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Revolutionary War
1781. Printed Act of the Commonwealth of Massachusetts, four pages, 7.5" x 12.5", front and verso. [Boston], June 22, 1781. Begins "Whereas the supplies of beef hitherto made by the several towns and plantations in this Commonwealth, for the purpose of [furnishing our army] with that [article], are found to be insufficient; and without a further punctual and adequate supply, our brethren who are now hazarding their lives for our defence, must soon be obliged to quit the field, and leave the country to the merciless ravages of our enemies. And whereas the Commander in Chief of the army hath represented, in the most pressing terms, the necessity of an immediate supply of provisions, to enable him to carry on the operations of the present campaign with vigour, and, by the blessing of Heaven, with success." The House of Representatives then resolved, and the Senate concurred "That the inhabitants of the several towns and plantations in this Commonwealth be, and are hereby required, to furnish the quantity of live beef, including hides and tallow, set to such towns and plantations respectively, as is in the schedule hereunto annexed, or such sums of money as in the judgement of the superintendent shall enable him to purchase the same..."

The listing of Massachusetts towns and plantations, arranged by counties, begins in the lower portion of the second page and fills the third and fourth pages where it is signed in type at the conclusion by the Speaker of the House, Nathaniel Gorham, the President of the Senate, Samuel Adams, and the Governor of the Commonwealth of Massachusetts, John Hancock. The weight of the beef required is listed next to each town. Included is a timetable requiring one-sixth of the town's quota to be delivered monthly beginning on or before July 10th, ending on December 10th. "Willmington" (sic) is penned in the upper left margin of the first page of this document and, after the listing of "Wilmington" on the third page, the words "is Wtt 602½ pr month" have been added in ink. The quantity of beef listed next to "Wilmington" is 3614; six beef deliveries of 602½ each amounts to 3615. This copy was undoubtedly the one sent to Wilmington, Middlesex County, Massachusetts, about 18 miles northwest of Boston.Six weeks earlier, in a "Circular to the New England States" sent to the Governors, dated from Head Quarters, New Windsor, New York, May 10, 1781, the Commander in Chief, George Washington, wrote, in part, "Major General prevailed upon to proceed to the several Eastern States, to represent the present distresses of the Army for want of provision, and the consequences which must inevitably ensue, unless a more regular system, and more vigorous measures for affording supplies are speedily adopted. From the Post of Saratoga to that of Dobbs Ferry inclusive, I believe there is not (by the Returns and Reports I have received) at this moment, one day's supply of Meat on hand. Our whole dependence for this Article is on the Eastern States: their resources of it, I am persuaded are ample, to request and urge that they may be drawn forth regularly, and to be informed with precision and certainty what may absolutely be depended upon thro' the Campaign, are the object of this application. I have already made representations to the States of the want of Provisions, the distress of the Army, and the innumerable embarrassments we have suffered in consequence, not merely once or twice, but have reiterated them over and over again. I have struggled to the utmost of my ability, to keep the Army together; but all will be in vain, without the effectual assistance of the States. I have now only to repeat the alternative, which has been so often urged: that Supplies, particularly of Beef Cattle must be speedily and regularly provided, or our Posts cannot be maintained or the Army kept in the Field much longer."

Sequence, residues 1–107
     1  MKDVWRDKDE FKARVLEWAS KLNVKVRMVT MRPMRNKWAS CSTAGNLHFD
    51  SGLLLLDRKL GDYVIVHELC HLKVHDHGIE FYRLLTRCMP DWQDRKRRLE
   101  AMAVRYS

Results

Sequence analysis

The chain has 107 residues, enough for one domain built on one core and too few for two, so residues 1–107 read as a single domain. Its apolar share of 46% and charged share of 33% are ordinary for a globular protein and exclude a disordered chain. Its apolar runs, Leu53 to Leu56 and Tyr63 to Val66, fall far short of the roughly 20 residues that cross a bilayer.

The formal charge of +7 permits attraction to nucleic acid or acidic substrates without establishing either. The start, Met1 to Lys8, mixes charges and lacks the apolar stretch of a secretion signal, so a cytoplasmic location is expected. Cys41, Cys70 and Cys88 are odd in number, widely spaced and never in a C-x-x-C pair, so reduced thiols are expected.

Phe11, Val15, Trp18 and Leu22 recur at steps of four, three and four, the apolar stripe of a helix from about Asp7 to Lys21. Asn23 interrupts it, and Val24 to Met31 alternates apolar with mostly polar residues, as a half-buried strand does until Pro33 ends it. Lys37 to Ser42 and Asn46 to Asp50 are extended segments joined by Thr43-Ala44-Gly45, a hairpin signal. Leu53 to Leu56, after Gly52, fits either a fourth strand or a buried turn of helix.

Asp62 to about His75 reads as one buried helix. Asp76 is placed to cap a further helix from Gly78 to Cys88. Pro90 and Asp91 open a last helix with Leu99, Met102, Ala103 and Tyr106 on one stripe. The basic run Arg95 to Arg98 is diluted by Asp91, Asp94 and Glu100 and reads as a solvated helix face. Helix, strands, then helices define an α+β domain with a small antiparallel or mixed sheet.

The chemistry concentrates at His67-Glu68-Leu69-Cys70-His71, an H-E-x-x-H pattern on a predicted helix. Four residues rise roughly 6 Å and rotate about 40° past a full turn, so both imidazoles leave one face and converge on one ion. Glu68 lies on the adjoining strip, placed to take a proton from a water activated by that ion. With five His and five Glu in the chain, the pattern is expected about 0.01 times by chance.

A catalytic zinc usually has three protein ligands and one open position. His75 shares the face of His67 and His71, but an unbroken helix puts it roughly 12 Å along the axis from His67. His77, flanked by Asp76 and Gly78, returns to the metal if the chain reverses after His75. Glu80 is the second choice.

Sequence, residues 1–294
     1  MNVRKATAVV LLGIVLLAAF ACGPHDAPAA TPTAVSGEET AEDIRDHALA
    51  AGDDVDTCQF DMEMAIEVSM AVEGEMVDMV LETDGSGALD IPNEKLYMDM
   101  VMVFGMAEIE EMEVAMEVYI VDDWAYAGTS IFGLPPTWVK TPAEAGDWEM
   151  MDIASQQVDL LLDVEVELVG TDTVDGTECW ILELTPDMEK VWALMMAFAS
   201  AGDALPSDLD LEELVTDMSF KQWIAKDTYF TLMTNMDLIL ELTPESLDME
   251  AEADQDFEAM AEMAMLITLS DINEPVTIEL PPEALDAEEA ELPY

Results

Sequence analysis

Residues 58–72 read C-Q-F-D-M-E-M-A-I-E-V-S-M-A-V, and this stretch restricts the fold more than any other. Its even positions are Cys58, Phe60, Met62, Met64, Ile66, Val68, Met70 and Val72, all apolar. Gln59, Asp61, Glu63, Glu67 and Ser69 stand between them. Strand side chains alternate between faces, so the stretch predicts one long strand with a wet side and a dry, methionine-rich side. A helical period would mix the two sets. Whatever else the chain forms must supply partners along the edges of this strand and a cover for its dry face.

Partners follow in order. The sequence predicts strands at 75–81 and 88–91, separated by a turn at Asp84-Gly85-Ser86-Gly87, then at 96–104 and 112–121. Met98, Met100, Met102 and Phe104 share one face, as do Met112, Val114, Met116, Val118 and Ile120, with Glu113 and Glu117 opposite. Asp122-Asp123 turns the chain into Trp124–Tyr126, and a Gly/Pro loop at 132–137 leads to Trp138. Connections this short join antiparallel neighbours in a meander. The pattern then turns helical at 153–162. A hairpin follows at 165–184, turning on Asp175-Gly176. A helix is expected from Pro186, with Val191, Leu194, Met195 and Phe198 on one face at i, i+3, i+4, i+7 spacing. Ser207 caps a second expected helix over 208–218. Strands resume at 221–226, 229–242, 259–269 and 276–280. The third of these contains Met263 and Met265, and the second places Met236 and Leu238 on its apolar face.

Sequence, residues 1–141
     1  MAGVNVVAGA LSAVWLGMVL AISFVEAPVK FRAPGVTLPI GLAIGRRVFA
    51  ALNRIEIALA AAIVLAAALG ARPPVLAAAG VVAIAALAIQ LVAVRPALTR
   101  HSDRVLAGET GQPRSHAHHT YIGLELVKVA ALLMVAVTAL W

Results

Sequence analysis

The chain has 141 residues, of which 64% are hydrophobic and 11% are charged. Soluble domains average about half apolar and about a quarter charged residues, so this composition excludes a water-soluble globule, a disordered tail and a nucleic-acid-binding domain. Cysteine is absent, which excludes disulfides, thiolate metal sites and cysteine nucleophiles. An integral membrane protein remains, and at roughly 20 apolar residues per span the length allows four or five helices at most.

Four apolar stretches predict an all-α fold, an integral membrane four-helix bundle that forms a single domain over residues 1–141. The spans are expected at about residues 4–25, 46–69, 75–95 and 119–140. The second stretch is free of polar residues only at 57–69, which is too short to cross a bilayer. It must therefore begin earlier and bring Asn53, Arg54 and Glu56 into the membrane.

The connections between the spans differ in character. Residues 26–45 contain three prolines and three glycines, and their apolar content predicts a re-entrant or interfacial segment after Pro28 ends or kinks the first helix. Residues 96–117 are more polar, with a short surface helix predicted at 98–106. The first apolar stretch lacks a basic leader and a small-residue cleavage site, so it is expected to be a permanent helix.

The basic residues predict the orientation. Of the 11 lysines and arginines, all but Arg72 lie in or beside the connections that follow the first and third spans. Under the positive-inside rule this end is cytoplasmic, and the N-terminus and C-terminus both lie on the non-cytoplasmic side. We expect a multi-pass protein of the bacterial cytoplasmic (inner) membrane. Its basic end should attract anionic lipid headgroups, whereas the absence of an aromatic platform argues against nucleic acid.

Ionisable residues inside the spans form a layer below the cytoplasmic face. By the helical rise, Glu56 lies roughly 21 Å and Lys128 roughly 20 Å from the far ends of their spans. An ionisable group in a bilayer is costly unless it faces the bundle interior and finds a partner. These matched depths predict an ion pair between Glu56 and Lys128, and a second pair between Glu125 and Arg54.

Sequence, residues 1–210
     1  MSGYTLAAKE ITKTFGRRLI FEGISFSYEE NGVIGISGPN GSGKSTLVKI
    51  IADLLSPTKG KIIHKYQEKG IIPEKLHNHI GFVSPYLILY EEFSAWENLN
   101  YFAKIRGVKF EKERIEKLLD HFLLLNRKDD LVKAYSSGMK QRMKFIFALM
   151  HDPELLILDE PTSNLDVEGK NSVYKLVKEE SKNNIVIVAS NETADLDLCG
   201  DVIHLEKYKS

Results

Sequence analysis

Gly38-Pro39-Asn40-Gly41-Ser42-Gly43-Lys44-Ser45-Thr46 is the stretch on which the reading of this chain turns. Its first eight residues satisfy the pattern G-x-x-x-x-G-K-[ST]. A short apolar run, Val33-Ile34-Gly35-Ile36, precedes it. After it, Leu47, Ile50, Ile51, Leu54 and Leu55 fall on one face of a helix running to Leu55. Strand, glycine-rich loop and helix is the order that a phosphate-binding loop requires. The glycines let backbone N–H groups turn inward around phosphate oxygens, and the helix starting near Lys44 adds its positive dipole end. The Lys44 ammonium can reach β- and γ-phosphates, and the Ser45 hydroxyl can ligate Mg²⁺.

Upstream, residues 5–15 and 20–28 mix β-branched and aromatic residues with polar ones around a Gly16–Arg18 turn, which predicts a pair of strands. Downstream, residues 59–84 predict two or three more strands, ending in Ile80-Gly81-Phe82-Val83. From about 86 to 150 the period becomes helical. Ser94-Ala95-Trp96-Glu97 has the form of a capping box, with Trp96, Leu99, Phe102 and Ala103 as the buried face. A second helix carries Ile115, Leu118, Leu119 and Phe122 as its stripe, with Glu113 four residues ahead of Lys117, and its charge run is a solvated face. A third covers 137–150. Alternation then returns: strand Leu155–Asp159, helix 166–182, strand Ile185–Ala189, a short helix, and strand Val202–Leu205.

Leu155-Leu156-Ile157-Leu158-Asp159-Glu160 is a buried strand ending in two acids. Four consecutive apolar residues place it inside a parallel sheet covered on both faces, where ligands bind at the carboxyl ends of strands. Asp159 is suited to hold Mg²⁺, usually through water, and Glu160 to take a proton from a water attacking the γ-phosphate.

Four months after this act was passed, on October 19, 1781, British General Cornwallis surrendered to General Washington at Yorktown, Virginia, and, while the Treaty of Paris ending the war was not signed until 1783, the Revolutionary War was, in effect, over.Two old horizontal folds obliterate four of the words in the opening paragraph as noted above. There are other folds and the edges are chipped with small tears affecting five town names and five beef quotas. Paper and glassine are along the spine edge of the fourth page where this printing had undoubtedly been affixed to an album page. Paper a bit toned. Overall, in good condition. Evans 17221.

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Last Found On: 2017-11-22           Check availability:      Biblio    


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